Peter, who traveled with Jesus for three years and was a close observer of everything Jesus did and said, puts it this way, “He committed no sin, neither was deceit found in his mouth” (1 Peter 2:22).
The Perfect Sacrifice
So the Bible stresses Christ’s sinlessness for two reasons. First, because Christ’s atonement for us on the cross had to be perfect – He had to be sinless in order to be a perfect sacrifice. We recall the symbolism in the Jewish Passover feast and how the lamb whose blood was used to paint the lentels of the doors was a spotless lamb. A perfect sacrifice.
The Imputation of Christ’s Righteousness
The second reason Christ had to sinless was because He needed to be able to credit His righteousness to our account. Paul explains the vital importance of the sinlessness of Christ when he states, “For our sake he made him to be sin who knew no sin, so that in him we might become the righteousness of God” (2 Cor. 5:21).
How have we become “the righteousness of God”? Because the perfect, sinless, righteousness of Jesus has been credited to our account. Jesus’ sinless life here on earth was the basis for His righteousness. That’s why He didn’t simply come down from heaven in full manhood and die the same day on the cross for our sins. For no man is righteous enough to stand in the presence of God. It is by Christ’s imputation of His righteousness that we are able to have fellowship and eternal life with God.
The moment we trust Christ for salvation, the instant we place our faith in Him, we gain the imputation of the righteousness of Christ. That is to say, that in the eyes of God, we are accounted righteous. Therefore, we can stand upon His righteousness and not our own (Eph. 2:1-10), for entrance into heaven. It also gives us comfort that because it is on Christ’s merit that we “earn” heaven – He earned it for us. If we had to earn it ourselves, we’d never earn it, we’d never get there.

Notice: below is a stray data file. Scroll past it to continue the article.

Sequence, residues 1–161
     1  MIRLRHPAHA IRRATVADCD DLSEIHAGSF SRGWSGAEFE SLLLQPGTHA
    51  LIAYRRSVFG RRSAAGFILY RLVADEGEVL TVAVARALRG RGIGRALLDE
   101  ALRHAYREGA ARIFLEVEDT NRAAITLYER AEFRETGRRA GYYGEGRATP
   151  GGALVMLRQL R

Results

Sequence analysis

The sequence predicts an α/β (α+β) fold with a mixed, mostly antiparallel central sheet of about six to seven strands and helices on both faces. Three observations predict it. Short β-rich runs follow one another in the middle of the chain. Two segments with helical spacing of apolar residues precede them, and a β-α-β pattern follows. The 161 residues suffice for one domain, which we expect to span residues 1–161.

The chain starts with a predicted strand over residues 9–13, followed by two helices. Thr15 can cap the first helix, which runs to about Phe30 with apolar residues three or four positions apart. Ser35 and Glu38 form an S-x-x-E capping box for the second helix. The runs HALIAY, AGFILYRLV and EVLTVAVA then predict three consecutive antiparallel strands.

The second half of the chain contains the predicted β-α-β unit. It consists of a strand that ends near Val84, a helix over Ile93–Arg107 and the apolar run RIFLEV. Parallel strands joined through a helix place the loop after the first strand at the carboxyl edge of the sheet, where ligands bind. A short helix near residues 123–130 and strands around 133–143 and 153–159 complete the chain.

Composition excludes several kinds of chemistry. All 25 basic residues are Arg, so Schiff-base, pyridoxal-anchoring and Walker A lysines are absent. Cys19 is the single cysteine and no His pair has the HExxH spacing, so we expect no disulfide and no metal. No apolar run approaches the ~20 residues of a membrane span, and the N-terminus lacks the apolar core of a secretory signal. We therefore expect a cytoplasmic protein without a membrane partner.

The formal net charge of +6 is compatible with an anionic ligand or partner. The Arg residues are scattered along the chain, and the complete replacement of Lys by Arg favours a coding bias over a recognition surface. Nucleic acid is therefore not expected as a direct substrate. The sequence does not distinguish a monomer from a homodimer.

Sproul says this in his commentary on 1 Peter 3:15-20:
For Christ also suffered once for sins, the just for the unjust, that He might bring us to God, being put to death in the flesh but made alive by the Spirit, by whom also He went and preached to the spirits in prison, who formerly were disobedient, when once the Divine long-suffering waited in the days of Noah, while the ark was being prepared, in which a few, that is, eight souls, were saved through water (vv. 18-20). Peter’s language brings to mind again the teaching of the Apostle Paul, who wrote that Christ took upon Himself the punishment due to us and bestows on those who believe the reward that accompanies His righteousness. Since God requires punishment for sin He receives satisfaction not fem us, the unjust, but from Christ, the just One so that God might be both “just and the justified” (Rom. 3:26).
God is just insofar as He does not wink at human sin. He is just because He requires the penalty for sin to fulfill all righteousness, which righteousness was accomplished by Christ Himself. It is through His righteousness that we are made just in the sight of God. The only ground for our justification, now and forever, is the imputation of the righteousness of Christ to all who believe. The righteousness by which we are justified is what Luther called a iustitia alien, an alien righteousness, a righteousness that, properly speaking, is not our own. It comes extra nos, from outside of us. It, properly speaking, belongs only to the One who is just, but it is precisely that foreign righteousness that God accounts to us when we put our trust in Jesus.
How does one respond to such amazing truth? It is in our nature to reject it and continue to strive on our own strength. My plea is that you give up, dear friend. Allow the glorious truth to overwhelm you, and realize that one man died so that all men anywhere from every tribe tongue and nation, from any background, from any country could live forever. That is why for centuries men and women from around the globe have said with the hymn writer, “I surrender all.”